Should architecture be slumming it?
Last Sunday, Rowan Moore wrote a review in the Observer of Radical Cities – Latin America’s revolutionary housing solutions by Justin McGuirk. At the heart of his review – and it seems of the book – is the Torre de David, the squatted tower in Venezuela that McGuirk made the centrepiece of an award-winning exhibition at the Venice Biennale two years ago.
Today, The Architects’ Journal reports that the squatters in the tower are being evicted. How should we feel about this? McGuirk is treading a difficult line. He is lauding the enterprise of people who make their own places in cities, in the most difficult of circumstances. As Rowan Moore writes, ‘Once international architectural interest in the continent focused on the slick modernist trophies of Oscar Niemeyer. Now the outside world looks at its informal, unofficial and amateur constructions. If the favelas of Rio, once seen as impossible-to-enter warzones, have now become tourist attractions, architects and planners study them for the lessons they can offer for the building of cities.’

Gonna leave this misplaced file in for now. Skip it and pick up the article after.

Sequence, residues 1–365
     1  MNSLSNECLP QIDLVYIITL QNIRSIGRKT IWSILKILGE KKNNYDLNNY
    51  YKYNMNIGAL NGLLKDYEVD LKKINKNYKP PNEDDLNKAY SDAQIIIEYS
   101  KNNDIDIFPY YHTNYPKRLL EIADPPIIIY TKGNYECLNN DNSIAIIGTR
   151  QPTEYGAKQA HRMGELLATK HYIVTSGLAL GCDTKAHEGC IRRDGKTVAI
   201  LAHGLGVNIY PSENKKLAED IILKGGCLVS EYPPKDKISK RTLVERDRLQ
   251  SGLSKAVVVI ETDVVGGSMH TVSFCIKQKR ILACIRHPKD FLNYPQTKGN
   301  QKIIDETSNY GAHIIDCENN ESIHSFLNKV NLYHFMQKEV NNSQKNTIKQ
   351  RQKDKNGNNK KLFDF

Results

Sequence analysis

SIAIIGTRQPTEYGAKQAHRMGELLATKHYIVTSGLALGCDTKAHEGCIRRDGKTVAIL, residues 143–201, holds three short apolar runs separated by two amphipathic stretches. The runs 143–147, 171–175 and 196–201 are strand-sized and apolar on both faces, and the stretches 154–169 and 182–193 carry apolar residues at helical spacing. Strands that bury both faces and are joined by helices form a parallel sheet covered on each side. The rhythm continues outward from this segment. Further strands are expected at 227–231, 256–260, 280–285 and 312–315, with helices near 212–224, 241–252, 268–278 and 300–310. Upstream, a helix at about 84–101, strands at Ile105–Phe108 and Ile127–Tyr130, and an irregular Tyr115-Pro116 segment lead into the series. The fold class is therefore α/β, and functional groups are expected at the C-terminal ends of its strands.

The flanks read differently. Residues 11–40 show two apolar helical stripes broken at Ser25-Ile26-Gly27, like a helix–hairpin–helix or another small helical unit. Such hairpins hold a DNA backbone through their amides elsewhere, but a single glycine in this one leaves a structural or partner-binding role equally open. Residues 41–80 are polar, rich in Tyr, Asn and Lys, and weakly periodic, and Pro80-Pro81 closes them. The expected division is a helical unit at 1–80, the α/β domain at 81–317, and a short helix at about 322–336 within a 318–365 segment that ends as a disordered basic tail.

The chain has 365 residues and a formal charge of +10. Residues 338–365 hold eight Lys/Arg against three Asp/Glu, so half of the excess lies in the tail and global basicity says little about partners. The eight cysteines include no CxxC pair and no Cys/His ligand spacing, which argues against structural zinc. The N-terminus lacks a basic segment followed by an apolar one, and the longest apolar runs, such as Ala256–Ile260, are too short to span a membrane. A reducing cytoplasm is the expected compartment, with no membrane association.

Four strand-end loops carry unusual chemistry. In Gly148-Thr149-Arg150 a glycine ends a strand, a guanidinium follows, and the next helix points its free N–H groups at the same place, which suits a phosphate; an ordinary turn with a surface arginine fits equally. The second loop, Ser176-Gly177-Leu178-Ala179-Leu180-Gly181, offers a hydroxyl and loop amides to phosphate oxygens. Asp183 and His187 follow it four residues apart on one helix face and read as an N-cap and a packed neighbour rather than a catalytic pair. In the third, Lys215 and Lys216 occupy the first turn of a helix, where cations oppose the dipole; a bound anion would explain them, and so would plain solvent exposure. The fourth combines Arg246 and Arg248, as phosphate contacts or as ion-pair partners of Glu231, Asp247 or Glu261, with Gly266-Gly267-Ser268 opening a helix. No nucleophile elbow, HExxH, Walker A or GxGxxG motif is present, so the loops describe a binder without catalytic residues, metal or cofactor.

One has to admire the spirit of those people who, from very little, have created an informal and successful social network in the most surprising of places. But we shouldn’t lose sight of the fact that this is not an ideal way to live. As another critic pointed out, having to walk up 20 flights of stairs to a family home is not what any of us would choose. We can admire, but we mustn’t, from our much more privileged circumstances, romanticise.
I was guilty of this once, writing a feature about the slums of Kibera and describing the appealing textures of the frankly beautiful photographs that accompanied it. Somebody apparently submitted the piece to Pseuds’ Corner at Private Eye. I have learnt my lesson. We know by now to resist the ‘ruin porn’ of Detroit. We shouldn’t succumb to poverty porn either.